South Korea: History, Facts & Culture

Instructor: Matthew Helmer

Matt is an upcoming Ph.D. graduate and archaeologist. He has taught Anthropology, Geography, and Art History at the university level.

South Korea is one of the wealthiest countries in the world, despite its small size. In this lesson, learn about South Korea's cultural roots, history, and important facts.

An Introduction to South Korea

South Korea Map
South Korea

Because of its worldwide influence, you might be surprised at how small South Korea is. South Korea lies on a small peninsula off the northeast coast of China and adjacent to the Japanese isles. Until World War II, Korea was a unified civilization first known as Gojoseon, an ancient state dating back as far as 2300 BC. The legendary founder of Gojoseon is known as Dangun, who unified the various tribes occupying the Korean peninsula at the time. Early Korean cultures were based on clans of families, and are known for their advanced metallurgy, rice cultivation, and large stone tombs known as Dolmen tombs.

Modern History: World War II and Korean Division

Dangun, mythical founder of Korea

Over millennia, Korea's dynasties battled China and Japan, but managed to keep their own culture, language, and traditions intact.The rise of the Japanese Empire, however, was the gravest threat Korea faced to its sovereignty. During the Sino-Japanese War and Russo-Japanese Wars between 1894 and 1905, Japan took control of Korea after beating back both China and Russia. Korea became a key staging point for Japan on the Asian mainland. Japan relied heavily on Korea in World War II, but lost control of the territory after its defeat.

Cold War politics following World War II led to the establishment of the Soviet-backed communist North Korea, and US-backed capitalist South Korea. Shortly thereafter, North Korea invaded South Korea, leading to the Korean War. China and the Soviet Union backed North Korea, while the United States and United Nations backed South Korea. The war ended in a stalemate, claiming over a million lives, and the two countries are still technically at war. North and South Korea were divided along the 38th Parallel latitude line, where the two countries are still split today.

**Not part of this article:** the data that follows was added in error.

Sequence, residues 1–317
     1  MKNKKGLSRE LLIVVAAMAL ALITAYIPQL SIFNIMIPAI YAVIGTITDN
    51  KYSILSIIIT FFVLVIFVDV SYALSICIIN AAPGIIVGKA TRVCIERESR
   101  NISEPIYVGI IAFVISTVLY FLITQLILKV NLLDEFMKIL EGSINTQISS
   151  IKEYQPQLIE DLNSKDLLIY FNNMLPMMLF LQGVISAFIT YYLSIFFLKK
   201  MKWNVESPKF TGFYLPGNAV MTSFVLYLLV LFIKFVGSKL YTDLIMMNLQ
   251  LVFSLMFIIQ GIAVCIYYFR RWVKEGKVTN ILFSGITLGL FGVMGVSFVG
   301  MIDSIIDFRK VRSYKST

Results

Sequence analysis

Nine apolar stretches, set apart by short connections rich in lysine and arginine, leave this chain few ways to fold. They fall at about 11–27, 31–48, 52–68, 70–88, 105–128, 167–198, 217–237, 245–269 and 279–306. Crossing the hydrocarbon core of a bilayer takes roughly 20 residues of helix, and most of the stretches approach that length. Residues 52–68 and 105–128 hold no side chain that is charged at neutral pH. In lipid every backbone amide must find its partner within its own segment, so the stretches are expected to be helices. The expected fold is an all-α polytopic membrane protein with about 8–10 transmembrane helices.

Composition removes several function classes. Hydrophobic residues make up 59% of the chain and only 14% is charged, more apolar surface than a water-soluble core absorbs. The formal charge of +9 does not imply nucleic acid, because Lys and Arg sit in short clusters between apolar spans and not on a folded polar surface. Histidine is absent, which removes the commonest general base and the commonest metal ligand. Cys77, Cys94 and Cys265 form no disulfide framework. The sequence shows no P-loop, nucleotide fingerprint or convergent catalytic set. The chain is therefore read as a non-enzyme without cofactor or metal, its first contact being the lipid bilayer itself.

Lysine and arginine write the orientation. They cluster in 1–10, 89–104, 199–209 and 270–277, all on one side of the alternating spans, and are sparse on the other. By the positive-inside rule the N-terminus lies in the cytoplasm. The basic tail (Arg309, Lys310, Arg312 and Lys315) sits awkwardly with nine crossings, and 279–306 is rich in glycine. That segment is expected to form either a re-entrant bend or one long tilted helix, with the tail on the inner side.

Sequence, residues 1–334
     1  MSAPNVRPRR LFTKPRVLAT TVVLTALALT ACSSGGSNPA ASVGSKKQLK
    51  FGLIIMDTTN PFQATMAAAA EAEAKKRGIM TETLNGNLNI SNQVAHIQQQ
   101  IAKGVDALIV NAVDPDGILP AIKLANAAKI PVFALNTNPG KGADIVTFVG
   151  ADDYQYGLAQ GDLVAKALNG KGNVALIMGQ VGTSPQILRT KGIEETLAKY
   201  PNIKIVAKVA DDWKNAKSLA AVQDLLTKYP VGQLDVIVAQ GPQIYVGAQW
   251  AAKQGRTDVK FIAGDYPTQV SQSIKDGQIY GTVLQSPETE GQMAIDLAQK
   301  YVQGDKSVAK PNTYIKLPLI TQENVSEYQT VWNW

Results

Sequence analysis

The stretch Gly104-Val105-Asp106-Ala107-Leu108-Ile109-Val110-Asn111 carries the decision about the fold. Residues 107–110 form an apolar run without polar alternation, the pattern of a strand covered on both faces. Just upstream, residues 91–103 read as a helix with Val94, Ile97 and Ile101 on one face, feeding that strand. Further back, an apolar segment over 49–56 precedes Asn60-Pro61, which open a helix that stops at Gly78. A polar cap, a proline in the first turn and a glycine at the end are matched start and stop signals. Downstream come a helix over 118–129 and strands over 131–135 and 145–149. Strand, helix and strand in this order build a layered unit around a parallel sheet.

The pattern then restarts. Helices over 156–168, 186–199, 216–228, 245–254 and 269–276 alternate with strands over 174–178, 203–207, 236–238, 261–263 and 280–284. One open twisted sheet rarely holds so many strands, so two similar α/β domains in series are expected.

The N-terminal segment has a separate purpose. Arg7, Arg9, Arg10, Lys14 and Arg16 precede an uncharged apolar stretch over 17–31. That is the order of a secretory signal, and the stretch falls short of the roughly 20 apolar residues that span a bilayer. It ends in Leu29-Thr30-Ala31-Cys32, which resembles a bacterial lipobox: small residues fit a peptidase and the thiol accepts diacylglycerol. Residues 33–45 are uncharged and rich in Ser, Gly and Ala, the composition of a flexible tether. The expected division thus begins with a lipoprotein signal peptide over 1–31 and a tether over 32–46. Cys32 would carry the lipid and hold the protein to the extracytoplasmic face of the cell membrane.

South Korea and its surroundings
South Korea and its surroundings

After the war, South Korea went through a period of rapid modernization, despite political instability and repressive government regimes. It wasn't until the 1980s that South Korea attained legitimate democracy, although exports and free trade allowed the country's economy to flourish. South Korean president Kim Dae-jung, who governed from 1998-2003, was the first to re-establish dialogue with North Korea through the Sunshine Policy, which earned him the Nobel Peace Prize. Dae-jung is also credited with significant welfare reforms and economic policies in South Korea.

South Korea Today: Economic World Leader and Technological Powerhouse


Today, South Korea is one of the world's premier countries in terms of education, household income, and technology. The country has the fastest internet on the planet, which is also one of the cheapest and most accessible due to government subsidies. South Korea even avoided the recent 2008 recession, with a steadily growing economy. Trade remains key to South Korea's economic success, and many of its brands are familiar to United States markets, including Hyundai, Samsung, and LG.

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